Peter Ibbetson (1935)

Peter Ibbetson Poster Peter Ibbetson (1935)

Run time: 88 min
Rating: 7.1
Genres: Drama | Fantasy | Romance
Director: Henry Hathaway
Writers: Vincent Lawrence, Waldemar Young
Stars: Gary Cooper, Ann Harding, John Halliday
Architect Peter Ibbetson is hired by the Duke of Towers to design a building for him. Ibbetson discovers that the Duchess of Towers, Mary, is his now-grown childhood sweetheart. Their love revives, but Peter is sentenced to life in prison for an accidental killing. Mary comes to him in dreams and they are able to live out their romance in a dream world. Written by Jim Beaver <>
Release Date: 7 November 1935 (USA)

6 responses to “Peter Ibbetson (1935)”

  1. rgkeenan says:

    Sometimes you watch a film which is so good that you wonder why it isn't better known. Peter Ibbetson is such a film. It takes a concept which is highly original but undoubtedly 'out there' and makes you believe in it for just under an hour and a half. It also manages to be a truly moving love story whose basic concept,a man and a woman who are apart for most of their lives meet in their dreams,and it's message,that love does indeed conquer all, should warm the hearts {and shed the tears}of die hard romantics everywhere.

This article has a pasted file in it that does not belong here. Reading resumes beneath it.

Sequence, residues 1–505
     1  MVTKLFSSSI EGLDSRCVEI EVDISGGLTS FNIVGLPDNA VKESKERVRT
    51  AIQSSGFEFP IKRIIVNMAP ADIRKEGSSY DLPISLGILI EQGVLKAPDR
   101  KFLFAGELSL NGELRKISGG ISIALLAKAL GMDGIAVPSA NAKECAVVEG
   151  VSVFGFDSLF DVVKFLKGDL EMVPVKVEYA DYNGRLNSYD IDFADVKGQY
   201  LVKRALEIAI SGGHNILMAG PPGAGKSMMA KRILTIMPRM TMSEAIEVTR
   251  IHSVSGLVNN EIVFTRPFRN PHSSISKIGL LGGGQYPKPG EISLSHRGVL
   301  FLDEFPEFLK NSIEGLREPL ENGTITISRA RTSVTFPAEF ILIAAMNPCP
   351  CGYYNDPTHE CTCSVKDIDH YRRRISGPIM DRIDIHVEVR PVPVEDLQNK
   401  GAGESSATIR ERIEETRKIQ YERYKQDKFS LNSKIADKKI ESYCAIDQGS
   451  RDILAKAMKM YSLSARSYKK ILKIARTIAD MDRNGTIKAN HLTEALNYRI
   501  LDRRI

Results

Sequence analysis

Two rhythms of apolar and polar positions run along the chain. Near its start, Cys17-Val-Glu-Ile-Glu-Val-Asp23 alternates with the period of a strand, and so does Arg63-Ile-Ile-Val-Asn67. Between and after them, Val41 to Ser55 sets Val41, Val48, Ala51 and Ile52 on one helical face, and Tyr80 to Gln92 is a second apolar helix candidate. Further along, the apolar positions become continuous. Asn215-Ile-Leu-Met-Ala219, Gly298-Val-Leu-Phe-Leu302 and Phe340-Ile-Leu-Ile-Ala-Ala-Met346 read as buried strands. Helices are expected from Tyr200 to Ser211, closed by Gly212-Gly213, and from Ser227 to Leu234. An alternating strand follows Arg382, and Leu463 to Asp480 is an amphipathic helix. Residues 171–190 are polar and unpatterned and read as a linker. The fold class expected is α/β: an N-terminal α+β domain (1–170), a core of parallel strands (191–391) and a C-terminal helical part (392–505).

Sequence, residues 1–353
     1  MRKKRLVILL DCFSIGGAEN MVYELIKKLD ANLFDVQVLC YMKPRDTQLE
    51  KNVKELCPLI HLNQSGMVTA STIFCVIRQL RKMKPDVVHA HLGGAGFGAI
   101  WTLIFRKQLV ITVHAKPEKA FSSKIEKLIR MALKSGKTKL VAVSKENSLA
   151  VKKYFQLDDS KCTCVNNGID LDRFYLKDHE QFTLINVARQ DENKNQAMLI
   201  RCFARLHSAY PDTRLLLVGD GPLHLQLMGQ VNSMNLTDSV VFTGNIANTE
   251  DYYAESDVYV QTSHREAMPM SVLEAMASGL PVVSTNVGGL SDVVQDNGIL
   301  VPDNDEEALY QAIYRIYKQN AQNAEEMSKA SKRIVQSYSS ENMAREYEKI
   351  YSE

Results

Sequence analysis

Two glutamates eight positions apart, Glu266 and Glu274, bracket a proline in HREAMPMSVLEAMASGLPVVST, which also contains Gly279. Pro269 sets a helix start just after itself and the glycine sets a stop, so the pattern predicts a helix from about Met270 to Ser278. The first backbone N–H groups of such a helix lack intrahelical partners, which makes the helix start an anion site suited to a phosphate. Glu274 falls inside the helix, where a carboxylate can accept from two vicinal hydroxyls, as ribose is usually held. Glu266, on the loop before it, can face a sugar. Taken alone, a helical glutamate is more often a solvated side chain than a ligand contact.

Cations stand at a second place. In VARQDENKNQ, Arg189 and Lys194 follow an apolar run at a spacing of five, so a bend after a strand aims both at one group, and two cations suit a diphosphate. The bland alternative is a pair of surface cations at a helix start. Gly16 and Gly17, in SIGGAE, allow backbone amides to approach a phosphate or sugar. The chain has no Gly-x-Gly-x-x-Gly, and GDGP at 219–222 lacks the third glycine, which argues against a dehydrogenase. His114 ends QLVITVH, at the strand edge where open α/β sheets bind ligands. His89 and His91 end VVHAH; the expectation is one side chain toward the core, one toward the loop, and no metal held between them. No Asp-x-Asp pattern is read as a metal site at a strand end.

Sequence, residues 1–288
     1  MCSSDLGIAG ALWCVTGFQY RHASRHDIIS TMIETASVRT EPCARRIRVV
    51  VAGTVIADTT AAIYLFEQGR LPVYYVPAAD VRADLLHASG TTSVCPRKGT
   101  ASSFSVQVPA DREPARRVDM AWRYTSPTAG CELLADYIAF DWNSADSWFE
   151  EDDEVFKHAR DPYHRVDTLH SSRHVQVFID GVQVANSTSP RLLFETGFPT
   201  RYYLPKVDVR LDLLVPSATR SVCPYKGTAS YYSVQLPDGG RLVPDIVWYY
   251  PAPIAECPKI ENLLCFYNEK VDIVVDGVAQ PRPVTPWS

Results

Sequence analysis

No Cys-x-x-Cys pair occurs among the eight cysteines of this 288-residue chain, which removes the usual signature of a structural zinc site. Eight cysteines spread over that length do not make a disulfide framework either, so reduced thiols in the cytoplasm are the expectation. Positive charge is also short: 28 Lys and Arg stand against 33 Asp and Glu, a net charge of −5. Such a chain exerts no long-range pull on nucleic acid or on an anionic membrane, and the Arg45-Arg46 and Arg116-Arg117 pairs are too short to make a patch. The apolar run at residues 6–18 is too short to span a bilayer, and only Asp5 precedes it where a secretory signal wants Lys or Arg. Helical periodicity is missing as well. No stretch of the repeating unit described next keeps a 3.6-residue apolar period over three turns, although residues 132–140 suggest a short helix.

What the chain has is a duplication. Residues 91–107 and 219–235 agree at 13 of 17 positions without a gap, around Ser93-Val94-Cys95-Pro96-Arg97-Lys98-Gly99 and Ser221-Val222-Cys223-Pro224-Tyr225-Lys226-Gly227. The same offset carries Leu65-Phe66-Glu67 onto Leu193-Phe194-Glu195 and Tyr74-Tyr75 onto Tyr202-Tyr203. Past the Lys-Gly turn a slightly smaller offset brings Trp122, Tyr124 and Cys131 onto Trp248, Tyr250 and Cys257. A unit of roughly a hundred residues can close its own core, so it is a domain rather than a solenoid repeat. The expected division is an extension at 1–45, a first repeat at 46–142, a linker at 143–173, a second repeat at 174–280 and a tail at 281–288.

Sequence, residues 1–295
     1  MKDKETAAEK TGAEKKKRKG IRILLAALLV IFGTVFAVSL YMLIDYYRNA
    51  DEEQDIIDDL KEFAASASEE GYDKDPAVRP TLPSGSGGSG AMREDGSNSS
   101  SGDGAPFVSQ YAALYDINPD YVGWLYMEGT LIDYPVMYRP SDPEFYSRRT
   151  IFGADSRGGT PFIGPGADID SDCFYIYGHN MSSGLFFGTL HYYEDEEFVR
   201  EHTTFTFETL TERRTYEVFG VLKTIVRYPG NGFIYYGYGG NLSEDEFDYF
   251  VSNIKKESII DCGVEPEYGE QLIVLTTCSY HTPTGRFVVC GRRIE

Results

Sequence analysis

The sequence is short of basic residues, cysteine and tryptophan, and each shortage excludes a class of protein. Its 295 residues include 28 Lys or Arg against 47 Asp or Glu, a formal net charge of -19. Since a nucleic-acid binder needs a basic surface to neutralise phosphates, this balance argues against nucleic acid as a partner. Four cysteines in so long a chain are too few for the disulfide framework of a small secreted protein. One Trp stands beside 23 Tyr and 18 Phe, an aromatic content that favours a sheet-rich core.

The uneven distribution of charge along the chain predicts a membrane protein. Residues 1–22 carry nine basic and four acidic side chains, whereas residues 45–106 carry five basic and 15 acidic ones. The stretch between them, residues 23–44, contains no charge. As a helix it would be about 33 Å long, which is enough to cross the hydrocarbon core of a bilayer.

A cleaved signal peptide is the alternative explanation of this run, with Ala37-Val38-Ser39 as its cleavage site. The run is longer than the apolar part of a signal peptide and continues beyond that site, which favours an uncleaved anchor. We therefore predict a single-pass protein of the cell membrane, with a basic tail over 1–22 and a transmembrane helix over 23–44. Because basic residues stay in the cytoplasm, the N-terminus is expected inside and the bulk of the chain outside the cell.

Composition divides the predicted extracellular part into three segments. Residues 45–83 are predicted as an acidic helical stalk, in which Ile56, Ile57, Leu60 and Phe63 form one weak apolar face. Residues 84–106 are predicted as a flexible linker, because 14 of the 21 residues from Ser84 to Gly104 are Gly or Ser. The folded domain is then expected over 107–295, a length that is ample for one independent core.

It's a bit stilted as many 30s films are,especially at first,but Charles Lang's expressionistic photography immediately creates a fairy tale feeling. The growing love between the young boy and girl is extremely touching. When they meet again as adults,it seems like the film is going to settle down into being a conventional love triangle tale {she's married}. Then the film suddenly changes,and although separated the two lovers carry out their relationship in their dreams. The film is quite subtle is depicting the dream world,although there are wonderful touches,such as the fairy tale castle that she creates with her imagination,only for it to crumble when he fails to believe in it. As for the ending,well,you would have to be very strong not to shed a tear. Like much of the film,it's almost underplayed,and is all the more moving for not being over the top.